Monday, 14 May 2012

Oh, the places you'll go!

Can I start by saying that I now have over 1000 pageviews! It may not be much to other bloggers, but it means a lot to me. Hello to all of you in Australia, Belgium, Canada, Germany, Japan, Latvia, Netherlands, Philipines, Russia, Spain, United Kingdom, United States, and finally, Venezuela.  This makes me appreciate how global the internet really is.  Loads of love to you all!

It's that time of year again! I have to admit it, I'm not much of a birthday person, but it's a fabulous excuse to do get people together and do fabulous things.  The last few years, I've used my birthday as an excuse to do at least one thing I've never done before.  In 2008, a few of us went to a pottery cafe and painted plates.  In 2009, three of my girls and I ran around London in exciting frocks and then went to The Ritz for Afternoon Tea.  In 2010, I went to see Torvill and Dean at a matinee showing of Dancing on Ice up in Manchester with an old friend.  In 2011, my dad was teaching in Warsaw for a few weeks and I spent the weekend in Poland with him, eating fantastic homemade Polish food round at a friends house and drinking much, much tea.

So, for this year, what is the plan? Well, we have plans for a few of us to go to The Icecreamists and get positively tipsy on ice cream cocktails, but all that will come at a later date.  Today, I was up at work for the afternoon, and I had to teach in the evening, so no chance of doing something super exciting today.  I did, however, manage to do something I'd been meaning to do for some time and that it to explore some of my local history in the form of the Westgate Towers museum.  It's actually been open for a while and I used to go into the cafe a lot, but then the owner died and both the museum and the cafe shut and I spent a lot of time wishing I'd gone and had a look.  I noticed the other day that the museum is open to the public again and now free for resident's card holders, hooray!  So I thought it would be a lovely way to at least get some excitingness into the day.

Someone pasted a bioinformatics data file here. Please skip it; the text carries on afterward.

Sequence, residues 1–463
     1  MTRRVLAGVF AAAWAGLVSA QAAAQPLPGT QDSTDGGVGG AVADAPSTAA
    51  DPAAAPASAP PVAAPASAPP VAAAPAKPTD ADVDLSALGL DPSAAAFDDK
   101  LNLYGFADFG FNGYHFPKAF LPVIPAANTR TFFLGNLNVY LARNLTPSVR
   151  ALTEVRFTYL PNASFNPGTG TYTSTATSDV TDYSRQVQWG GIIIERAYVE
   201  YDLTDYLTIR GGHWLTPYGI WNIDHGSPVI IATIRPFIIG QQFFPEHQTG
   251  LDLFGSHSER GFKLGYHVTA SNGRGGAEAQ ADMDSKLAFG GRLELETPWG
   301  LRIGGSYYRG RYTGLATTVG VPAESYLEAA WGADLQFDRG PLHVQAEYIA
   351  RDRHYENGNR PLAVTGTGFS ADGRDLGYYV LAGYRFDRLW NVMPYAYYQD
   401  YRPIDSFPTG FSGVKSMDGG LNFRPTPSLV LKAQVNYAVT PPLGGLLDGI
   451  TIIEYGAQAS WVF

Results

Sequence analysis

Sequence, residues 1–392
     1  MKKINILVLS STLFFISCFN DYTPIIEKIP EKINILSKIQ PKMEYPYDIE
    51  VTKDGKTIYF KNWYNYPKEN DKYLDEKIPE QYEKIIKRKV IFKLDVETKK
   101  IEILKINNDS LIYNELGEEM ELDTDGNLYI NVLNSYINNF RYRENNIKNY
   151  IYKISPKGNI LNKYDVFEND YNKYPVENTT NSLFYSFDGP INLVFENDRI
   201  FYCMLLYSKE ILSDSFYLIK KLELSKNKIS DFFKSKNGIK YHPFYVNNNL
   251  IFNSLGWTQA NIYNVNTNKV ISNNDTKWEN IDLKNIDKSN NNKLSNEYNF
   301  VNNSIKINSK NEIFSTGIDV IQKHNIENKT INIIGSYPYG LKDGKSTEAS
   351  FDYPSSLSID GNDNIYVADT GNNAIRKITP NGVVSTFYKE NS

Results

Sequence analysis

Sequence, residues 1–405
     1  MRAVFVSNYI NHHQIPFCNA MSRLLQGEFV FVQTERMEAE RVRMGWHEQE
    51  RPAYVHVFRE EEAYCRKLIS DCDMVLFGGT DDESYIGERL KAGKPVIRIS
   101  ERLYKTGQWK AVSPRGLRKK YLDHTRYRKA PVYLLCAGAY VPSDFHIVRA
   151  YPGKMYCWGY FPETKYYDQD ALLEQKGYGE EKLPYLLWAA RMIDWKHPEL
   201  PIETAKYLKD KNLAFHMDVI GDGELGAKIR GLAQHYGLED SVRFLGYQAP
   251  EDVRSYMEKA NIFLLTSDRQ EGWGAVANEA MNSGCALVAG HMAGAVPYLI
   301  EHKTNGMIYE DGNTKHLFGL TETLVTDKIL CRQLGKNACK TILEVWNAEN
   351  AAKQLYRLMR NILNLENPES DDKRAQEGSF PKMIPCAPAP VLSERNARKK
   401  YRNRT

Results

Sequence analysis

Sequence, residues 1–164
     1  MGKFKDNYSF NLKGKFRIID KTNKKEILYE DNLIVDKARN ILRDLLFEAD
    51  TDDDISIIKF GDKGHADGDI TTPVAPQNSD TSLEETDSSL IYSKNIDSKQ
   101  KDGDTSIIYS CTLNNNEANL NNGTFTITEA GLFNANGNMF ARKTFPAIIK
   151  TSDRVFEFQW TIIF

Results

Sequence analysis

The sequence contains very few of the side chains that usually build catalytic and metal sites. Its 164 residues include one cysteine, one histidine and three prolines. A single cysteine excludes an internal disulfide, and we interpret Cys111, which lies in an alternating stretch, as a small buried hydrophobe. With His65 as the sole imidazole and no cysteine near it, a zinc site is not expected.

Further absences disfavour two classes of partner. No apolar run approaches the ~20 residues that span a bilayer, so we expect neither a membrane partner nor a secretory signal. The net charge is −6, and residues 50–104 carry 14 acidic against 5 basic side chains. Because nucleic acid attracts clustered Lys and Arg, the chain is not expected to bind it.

Inside one of the cells
You go up some stone steps and past one row of cells that are locked up, but on the second floor you can actually go into the cells and explore.  There are about four cells on each floor.  They are relatively spacious considering (much more inside than it looks from the photo), and they all had a iron bedstead that was so heavy no-one can move it (so it couldn't be used as a weapon) and a tiny loo behind the door.  Having running water meant that it had to be pumped from somewhere near the river using a big wheel that was turned manually, which was incredibly hard work.  The prisoners would pump the water by hand (among other types of hard labour) because it was believed to be good for them. The flush is located outside the room, but would only be flushed once a day by the prison warden, effectively making it no better than having a bucket - but all that labour was believed to be part of the penance.

Being inside the cell was a bit creepy and I couldn't wait to get out!  They could see out of the window by standing on the bed, and it's a fairly nice view, all things considered, but I was pretty happy to leave.

I then walked across the bridge (that would have been encased in copper plate) to the other side of the museum that housed more weapons and information on what happened to various criminals in which eras - the ones who were treated much worse than the ones in the cells.  There were many documents that listed various people convicted of crimes and what their punishments were.  Most of them were caught stealing, some of them as young as 15 years old. There were lots of weapons ranging from a span of time periods and also information on particular people who had stayed in the gaol.  It was quite fascinating.

Finally, I went to the top of the towers, where there is a magnificent view of the city.  Can I first say that I am a bit afraid of heights (or rather of falling off high places), and slightly scared of small spaces (especially stairwells), so this was a bit of a feat of endurance for me.  But I got up the worn stone staircases and was well rewarded for it.

The view up the High St - see the Cathedral and the new Marlowe

The view over the Westgate Gardens
I'm really happy I took the time to go and have a look around.  The staff were all so friendly, and they work hard to preserve this history for us.  If you're ever in the area, I'd recommend having a gander.

As for the rest of the day, there were no real surprises until at the end of class, the nun came out with this amazing cake that Fluffy O'Bunny had baked me while I was at work. Look at this beauty:

Yeah. Really.
The green bit was a bit squidgy on the outside but mostly solid.  And that thing behind is an urn, not a normal sized kettle, just to give you a sense of scale.  

Anyway, I'm sure that there will be more birthdayness throughout the week - not least cocktails with the girls on Thursday - but I can say that today was just lovely.  To round off, I got this little poem in my Note from the Universe today:

You're the kind of person, Nat,
Who's hard to forget,
A one-in-a-million
To the people you've met.
Your friends are as varied
As the places you go,
And they all want to tell you
In case you don't know:
That you make a big difference
In the lives that you touch,
By taking so little
And giving so much!

Even the Universe loves me! What more could I ask for!

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